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Last updated on April 18, 2014 at 13:58 EDT

Enzyme Key To Alzheimer’s-Related Cell Death?

October 8, 2009

A Purdue University researcher has discovered that the amount of an enzyme present in neurons can affect the mechanism thought to cause cell death in Alzheimer’s disease patients and may have applications for other diseases such as stroke and heart attack.

Sandra Rossie, a professor of biochemistry, found that increasing the amount of protein phosphatase 5, or PP5, in rat neural cells resulted in less cell death associated with reactive oxygen species, which chemically damage cell molecules. Conversely, decreasing PP5 caused greater cell death. The results of Rossie’s study are published in the early online version of The Journal of Neurochemistry.

Alzheimer’s, a degenerative neurological disease affecting around 5 million people, results in memory loss and dementia. One theory on the cause of Alzheimer’s is that overproduction of certain forms of amyloid beta protein by neurons leads to the generation of reactive oxygen species, which activate stress pathways.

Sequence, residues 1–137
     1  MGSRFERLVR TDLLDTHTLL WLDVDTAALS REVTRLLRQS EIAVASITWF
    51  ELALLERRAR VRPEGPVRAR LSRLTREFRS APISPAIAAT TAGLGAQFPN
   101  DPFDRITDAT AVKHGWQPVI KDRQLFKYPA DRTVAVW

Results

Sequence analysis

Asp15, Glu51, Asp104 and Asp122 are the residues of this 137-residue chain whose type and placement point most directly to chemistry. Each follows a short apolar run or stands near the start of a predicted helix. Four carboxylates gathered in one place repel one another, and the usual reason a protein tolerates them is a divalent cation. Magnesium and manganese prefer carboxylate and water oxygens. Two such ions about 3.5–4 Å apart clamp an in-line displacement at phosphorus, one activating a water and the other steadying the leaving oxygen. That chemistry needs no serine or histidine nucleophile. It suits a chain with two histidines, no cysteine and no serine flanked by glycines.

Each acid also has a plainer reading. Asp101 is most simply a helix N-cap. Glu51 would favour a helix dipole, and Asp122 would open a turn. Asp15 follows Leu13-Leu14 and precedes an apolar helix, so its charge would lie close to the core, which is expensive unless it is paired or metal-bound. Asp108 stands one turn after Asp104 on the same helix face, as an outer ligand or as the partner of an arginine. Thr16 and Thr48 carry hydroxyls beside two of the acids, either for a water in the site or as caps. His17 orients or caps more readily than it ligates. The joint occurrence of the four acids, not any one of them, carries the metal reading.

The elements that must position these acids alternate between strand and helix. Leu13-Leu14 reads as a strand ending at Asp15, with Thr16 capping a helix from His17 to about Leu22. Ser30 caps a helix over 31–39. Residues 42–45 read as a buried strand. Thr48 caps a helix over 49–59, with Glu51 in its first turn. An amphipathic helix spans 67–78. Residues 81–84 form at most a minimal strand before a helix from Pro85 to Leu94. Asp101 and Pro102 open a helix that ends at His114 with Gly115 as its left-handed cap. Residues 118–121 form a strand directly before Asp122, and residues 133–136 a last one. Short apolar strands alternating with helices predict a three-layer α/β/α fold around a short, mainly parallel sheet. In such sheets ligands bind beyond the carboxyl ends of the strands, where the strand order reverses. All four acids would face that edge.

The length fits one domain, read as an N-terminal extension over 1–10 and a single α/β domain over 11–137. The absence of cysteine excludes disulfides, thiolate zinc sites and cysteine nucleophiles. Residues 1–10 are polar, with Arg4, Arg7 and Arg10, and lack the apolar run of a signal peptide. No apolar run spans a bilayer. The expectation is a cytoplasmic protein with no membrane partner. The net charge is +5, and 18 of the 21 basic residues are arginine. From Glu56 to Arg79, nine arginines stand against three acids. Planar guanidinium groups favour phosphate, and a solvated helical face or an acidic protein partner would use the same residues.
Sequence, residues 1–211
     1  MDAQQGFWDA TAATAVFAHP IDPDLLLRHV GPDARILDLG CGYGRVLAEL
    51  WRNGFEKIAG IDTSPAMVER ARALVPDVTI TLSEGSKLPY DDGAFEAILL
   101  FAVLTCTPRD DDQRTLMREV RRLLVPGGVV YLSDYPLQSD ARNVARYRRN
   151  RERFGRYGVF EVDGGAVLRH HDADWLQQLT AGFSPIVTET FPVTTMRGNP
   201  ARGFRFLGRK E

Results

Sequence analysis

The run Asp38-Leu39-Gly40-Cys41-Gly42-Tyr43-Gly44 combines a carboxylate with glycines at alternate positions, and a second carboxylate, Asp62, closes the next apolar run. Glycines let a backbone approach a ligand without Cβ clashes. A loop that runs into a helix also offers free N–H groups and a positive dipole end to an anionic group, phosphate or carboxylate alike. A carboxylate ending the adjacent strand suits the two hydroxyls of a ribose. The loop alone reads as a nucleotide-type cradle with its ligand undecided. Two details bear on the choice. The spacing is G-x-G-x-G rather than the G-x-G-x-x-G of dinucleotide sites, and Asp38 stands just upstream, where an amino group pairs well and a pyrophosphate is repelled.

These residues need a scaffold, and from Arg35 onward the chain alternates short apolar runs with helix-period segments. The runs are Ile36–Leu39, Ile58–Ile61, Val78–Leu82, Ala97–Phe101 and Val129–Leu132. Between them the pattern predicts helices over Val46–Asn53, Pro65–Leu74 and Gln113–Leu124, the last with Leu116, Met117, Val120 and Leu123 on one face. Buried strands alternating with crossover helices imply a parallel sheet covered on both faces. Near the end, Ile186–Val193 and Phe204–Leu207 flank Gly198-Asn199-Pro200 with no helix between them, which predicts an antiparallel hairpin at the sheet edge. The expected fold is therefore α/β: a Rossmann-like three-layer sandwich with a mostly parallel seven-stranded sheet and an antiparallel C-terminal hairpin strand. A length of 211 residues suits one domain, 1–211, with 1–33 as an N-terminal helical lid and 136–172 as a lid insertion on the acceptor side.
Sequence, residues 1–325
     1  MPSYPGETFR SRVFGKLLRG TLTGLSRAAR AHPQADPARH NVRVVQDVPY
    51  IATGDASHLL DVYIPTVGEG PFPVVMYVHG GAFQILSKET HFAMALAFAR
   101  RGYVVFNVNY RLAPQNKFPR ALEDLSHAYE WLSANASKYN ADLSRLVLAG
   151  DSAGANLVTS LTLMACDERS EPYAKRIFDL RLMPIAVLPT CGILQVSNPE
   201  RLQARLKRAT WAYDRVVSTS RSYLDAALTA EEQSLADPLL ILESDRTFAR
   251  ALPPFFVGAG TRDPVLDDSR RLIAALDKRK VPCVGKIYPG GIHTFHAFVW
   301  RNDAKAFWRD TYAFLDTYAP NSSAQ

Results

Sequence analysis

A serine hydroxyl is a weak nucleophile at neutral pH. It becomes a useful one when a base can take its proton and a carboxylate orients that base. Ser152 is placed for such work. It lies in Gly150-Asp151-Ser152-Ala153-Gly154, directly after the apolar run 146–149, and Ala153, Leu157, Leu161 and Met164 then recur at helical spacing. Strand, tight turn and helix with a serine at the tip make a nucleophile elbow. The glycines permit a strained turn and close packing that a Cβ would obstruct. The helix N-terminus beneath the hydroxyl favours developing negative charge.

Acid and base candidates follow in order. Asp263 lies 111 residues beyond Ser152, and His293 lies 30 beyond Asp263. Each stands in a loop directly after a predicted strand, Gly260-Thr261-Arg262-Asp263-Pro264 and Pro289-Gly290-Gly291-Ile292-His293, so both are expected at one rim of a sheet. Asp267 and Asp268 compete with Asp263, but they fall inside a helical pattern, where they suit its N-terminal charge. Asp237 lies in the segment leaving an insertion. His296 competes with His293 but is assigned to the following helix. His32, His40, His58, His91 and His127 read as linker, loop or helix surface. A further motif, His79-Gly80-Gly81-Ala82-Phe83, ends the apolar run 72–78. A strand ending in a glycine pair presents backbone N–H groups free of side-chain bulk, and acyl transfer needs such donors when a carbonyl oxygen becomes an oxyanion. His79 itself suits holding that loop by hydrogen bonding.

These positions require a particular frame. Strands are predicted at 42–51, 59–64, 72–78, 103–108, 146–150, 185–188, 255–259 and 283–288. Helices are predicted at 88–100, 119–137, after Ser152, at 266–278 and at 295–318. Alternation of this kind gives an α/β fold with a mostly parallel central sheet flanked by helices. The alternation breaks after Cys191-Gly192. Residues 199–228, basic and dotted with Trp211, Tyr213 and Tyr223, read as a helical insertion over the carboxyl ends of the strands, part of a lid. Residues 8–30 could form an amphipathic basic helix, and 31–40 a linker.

“If stress pathways remain active for a prolonged period, the cell will die,” Rossie said.

Rossie’s lab found that PP5 overexpression prevents neuronal death by amyloid beta and shuts off the stress pathways. When reactive oxygen that wasn’t created by amyloid beta was used on the cells, the results were the same. In contrast, neurons with reduced PP5 are more sensitive to death caused by amyloid beta.

“That suggests to us that PP5 protects neurons from cell death induced by reactive oxygen species, not just the presence of amyloid beta,” Rossie said. “This means that PP5 may protect against other health problems involving reactive oxygen species as well, such as stroke and heart attacks.”

It is possible, Rossie said, that finding a way to increase PP5 activity could help prevent the loss of neurons by amyloid beta.

Rossie said PP5 also could play a role in inhibiting other responses of neurons to amyloid beta. Her lab will work to determine which pathways PP5 affects, and which of those is most responsible for neural protection by PP5.

The National Institutes of Health funded Rossie’s research.

Writer: Brian Wallheimer, Purdue University

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